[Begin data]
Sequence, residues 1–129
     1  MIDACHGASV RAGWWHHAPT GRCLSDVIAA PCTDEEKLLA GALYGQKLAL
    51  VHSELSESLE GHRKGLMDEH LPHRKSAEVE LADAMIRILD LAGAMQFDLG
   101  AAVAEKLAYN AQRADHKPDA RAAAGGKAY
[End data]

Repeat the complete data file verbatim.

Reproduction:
Sequence, residues 1–129
     1  MIDACHGASV RAGWWHHAPT GRCLSDVIAA PCTDEEKLLA GALYGQKLAL
    51  VHSELSESLE GHRKGLMDEH LPHRKSAEVE LADAMIRILD LAGAMQFDLG
   101  AAVAEKLAYN AQRADHKPDA RAAAGGKAY